Both amplify a stereotypical view of Japanese culture.

    “This shows how in our language the simplified notions of other cultures get wrapped up in expressions we use.” John Kelly, senior research editor at Dictionary.com explained. Today, the phrase is a way of talking about revealing corporate information.

    “It’s used without a lot of thought about its literal meaning, and I’m sure that there are people who, if reminded how predatory it sounds, would tee-hee rather than blush.” Conor continued.
    I have never actually heard this term. The explanation about warriors is ludicrous. A more useful explanation has to do with women's clothing in certain eras. Wealthy women (not simply geisha or courtesans) wore many layers of kimono with just the edges showing to demonstrate their affluence and status.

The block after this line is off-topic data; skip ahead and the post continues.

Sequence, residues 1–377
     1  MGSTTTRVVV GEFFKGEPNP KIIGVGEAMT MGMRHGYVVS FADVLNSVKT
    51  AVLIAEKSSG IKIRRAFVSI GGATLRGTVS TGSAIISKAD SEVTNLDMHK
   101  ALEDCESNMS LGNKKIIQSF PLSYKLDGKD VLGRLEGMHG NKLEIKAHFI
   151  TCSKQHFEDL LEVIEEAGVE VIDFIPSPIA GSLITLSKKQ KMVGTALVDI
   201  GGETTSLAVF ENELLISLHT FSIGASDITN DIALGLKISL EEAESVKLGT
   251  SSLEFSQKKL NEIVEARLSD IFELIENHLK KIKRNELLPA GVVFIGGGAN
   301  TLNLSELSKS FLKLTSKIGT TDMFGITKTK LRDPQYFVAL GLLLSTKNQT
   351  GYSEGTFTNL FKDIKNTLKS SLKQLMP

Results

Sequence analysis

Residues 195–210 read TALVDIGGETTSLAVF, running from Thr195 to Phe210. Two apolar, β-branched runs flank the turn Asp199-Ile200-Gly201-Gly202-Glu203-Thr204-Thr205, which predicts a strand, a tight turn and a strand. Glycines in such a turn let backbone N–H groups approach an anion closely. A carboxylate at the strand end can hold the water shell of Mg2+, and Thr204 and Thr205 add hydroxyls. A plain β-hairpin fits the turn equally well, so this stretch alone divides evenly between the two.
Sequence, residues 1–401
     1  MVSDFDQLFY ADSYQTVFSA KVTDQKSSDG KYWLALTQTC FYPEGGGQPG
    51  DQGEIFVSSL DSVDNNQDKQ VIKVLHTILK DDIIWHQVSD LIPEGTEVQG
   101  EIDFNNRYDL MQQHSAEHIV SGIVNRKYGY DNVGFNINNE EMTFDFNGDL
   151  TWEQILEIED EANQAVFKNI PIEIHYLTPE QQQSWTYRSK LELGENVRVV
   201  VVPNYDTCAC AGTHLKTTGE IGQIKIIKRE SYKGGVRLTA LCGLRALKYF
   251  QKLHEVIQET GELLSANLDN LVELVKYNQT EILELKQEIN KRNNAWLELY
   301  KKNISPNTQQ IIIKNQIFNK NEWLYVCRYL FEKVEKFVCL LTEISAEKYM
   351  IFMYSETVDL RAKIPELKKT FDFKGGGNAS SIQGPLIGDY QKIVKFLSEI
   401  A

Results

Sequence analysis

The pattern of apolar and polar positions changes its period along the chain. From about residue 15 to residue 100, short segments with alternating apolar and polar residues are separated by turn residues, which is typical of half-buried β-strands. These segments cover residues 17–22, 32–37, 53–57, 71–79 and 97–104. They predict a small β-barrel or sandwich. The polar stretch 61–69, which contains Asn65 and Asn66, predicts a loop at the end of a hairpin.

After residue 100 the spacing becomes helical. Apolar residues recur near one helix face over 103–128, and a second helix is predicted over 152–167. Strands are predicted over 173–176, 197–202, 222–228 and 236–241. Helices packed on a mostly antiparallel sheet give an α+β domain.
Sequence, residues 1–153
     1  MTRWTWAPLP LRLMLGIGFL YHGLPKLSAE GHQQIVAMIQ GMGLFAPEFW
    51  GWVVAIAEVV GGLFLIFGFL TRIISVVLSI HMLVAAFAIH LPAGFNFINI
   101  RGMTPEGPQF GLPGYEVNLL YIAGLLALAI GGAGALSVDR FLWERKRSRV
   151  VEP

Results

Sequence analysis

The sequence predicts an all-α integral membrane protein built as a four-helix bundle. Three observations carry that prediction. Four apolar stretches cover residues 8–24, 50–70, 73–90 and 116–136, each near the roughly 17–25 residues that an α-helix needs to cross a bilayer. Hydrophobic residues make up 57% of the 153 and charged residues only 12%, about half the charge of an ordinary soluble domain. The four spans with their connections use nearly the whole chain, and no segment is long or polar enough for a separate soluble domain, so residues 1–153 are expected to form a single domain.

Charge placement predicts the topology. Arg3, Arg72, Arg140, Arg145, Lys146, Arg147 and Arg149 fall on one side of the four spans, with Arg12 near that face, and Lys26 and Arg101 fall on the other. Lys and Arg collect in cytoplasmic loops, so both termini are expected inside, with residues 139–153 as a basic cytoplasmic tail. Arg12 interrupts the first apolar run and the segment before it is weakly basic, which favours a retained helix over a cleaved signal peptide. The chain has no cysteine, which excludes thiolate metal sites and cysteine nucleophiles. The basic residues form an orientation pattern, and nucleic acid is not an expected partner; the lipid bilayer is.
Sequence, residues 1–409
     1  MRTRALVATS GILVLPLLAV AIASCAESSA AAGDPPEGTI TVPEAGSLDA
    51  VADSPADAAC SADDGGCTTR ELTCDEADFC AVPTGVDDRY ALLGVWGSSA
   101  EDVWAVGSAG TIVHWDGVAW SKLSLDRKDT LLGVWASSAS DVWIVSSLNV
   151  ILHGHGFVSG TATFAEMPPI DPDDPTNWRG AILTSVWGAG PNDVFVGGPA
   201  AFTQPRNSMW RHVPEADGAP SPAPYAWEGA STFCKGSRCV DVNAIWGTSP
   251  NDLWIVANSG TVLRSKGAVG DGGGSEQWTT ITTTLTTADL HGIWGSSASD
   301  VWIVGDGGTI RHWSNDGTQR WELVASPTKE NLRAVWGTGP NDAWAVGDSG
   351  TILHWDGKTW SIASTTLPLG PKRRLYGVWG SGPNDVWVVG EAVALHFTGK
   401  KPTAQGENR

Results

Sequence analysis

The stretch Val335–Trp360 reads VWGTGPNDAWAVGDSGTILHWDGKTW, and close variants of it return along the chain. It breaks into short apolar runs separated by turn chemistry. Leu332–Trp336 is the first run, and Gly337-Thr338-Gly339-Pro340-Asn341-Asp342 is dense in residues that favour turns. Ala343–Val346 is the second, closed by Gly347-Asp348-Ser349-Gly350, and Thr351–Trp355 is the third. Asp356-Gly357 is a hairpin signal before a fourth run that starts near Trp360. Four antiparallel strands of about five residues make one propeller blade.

The kimono were made of thin silk. If you wanted to see the reality of the woman, she might have to open as many as 10 kimono - something like those Russian nested dolls.

    The rest of the article is about the same.

    Via Yahoo
    "Alexa, slaughter the fatted calf."

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    Fuzzy Wuzzy was a bear, not an African tribesperson.

    Using the word ‘plantation’ romanticizes the old South, a slave economy," Kelly explained “When white people hear the word ‘plantation’ they may think of a big white house with pillars and southern oak trees. But when a Black person hears that word, it evokes a past of slavery.”


    I can't control when Black people choose to get upset. With even a minimum of historical digging this shithead would have discovered that "plantation" only means farm, that "Plimoth Plantations" was in Massachusetts, that GWTW was not a flucking documentary.

    he writes that “Peanut gallery was in use in the 1880s, as a synonym for n----- gallery (1840s) or n----- heaven (1870s), the upper balcony where blacks sat, as in segregated theaters.”